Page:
Riad achieved military victories in the battles fought by the Egyptian armed forces during the War of Attrition, such as head battle that prevented the Israeli forces from controlling the city of Port Fuad Egyptian located on the Suez Canal where a small force of infantry was able to defend the city, and the destruction of the Israeli destroyer Eilat in the 21 October 1967. Also dropping some Israeli warplanes in 1967 and 1968.
Riad supervised the Egyptian plan for the destruction of the Bar Lev Line, during the War of Attrition, and saw that he should oversee the implementation and set himself on Saturday, 8 March 1969 start date for the implementation of the plan. At the exact timing, the Egyptian fire erupted along the front line and the Israelis suffered the greatest losses in a few hours and the destruction of part of the Bar Lev Line positions in the heaviest artillery gun battles witnessed in front before 1973.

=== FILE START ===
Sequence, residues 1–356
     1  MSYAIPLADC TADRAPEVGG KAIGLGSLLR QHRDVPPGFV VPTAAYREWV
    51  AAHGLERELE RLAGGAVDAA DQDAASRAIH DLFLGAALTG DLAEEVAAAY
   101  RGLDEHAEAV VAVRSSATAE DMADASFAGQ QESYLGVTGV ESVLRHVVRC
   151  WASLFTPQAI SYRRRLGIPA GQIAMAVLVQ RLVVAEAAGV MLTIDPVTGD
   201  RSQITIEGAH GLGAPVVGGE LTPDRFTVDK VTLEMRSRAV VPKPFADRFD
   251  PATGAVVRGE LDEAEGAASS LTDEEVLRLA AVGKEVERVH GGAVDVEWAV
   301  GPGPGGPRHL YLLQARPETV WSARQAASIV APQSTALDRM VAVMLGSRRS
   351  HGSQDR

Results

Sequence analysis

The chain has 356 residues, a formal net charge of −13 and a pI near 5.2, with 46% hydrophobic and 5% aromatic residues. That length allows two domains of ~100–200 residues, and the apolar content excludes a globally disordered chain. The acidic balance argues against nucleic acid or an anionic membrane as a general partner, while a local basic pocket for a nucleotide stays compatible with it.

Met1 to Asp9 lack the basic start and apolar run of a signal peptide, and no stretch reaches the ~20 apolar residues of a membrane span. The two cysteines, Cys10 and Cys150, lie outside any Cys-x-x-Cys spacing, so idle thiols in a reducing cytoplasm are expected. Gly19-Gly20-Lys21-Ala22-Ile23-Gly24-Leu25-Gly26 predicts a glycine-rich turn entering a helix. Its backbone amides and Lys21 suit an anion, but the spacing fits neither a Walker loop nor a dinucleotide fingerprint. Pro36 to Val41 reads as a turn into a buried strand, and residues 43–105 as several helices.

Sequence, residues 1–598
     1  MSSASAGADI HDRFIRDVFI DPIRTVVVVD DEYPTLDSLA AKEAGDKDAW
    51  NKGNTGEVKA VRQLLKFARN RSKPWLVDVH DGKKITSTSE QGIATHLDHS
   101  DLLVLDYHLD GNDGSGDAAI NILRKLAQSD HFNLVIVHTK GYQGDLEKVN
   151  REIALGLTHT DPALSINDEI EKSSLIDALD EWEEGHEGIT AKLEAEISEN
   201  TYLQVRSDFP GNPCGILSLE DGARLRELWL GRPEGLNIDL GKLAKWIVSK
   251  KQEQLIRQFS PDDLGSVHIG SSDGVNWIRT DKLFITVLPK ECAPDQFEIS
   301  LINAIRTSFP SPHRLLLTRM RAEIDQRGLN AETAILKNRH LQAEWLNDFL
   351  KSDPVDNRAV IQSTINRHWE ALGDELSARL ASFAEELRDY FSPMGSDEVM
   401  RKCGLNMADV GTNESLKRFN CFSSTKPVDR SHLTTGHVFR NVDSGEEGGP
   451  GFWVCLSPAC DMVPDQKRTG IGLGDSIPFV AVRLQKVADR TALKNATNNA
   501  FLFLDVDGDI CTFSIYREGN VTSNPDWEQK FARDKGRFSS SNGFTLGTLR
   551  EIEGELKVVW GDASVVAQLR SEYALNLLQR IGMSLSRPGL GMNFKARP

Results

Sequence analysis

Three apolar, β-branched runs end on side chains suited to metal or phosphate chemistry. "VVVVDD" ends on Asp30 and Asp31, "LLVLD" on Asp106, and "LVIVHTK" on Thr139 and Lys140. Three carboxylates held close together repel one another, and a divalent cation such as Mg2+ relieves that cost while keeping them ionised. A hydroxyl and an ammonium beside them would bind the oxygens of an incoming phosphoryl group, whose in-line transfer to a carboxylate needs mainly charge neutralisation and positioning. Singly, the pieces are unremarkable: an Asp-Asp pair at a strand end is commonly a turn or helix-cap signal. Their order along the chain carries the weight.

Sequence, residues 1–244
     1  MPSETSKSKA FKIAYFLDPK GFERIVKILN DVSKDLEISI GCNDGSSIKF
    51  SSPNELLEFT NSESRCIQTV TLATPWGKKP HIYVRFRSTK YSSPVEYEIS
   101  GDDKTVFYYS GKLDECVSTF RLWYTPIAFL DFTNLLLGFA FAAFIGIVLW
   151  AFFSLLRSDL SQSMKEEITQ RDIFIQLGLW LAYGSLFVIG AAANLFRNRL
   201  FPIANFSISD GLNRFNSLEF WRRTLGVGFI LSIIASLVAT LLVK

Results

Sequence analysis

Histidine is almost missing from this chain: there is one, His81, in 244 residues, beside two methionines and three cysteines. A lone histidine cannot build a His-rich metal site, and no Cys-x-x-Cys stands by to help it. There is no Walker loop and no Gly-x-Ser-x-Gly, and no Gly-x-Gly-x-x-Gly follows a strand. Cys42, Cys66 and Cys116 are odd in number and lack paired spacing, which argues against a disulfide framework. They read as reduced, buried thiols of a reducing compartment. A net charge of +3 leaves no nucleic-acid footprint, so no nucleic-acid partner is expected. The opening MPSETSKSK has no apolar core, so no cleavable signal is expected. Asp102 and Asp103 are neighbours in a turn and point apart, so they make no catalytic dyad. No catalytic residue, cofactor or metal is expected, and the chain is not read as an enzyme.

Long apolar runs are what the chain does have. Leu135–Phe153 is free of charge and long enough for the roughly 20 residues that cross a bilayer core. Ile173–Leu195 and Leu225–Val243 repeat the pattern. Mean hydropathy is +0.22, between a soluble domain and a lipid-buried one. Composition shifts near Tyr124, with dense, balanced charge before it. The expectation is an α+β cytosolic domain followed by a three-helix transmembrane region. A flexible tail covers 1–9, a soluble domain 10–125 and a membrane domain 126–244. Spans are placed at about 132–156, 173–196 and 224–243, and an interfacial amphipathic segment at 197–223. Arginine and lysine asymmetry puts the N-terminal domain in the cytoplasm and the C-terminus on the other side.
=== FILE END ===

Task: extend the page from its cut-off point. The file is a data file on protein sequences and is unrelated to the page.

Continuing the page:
The next morning, 9 March 1969, Riad decided to go himself to the front to see closely the results of the battle and decided to visit the most advanced sites that were not far from Israeli fire, only 250 meters.
This site witnessed the last minutes in the life of Gen. Riad, with hundreds of enemy fire suddenly on the area where he was standing in the midst of his troops and the battle, which was led by General Riad himself, continued about an hour and a half hours till one artillery shot exploded fire near the crater he was leading the battle from. As a result of the fragments and the deadly vacuum Riad died of his wounds after 32 years spent working in the army.
After his death, President Gamal Abdel Nasser granted him the rank of first star honors military which is the largest military decoration in Egypt, and 9 March of each year was considered the day to commemorate his memory. His name was given to one of the most famous squares in Egypt and to a street in Mohandessin, Cairo.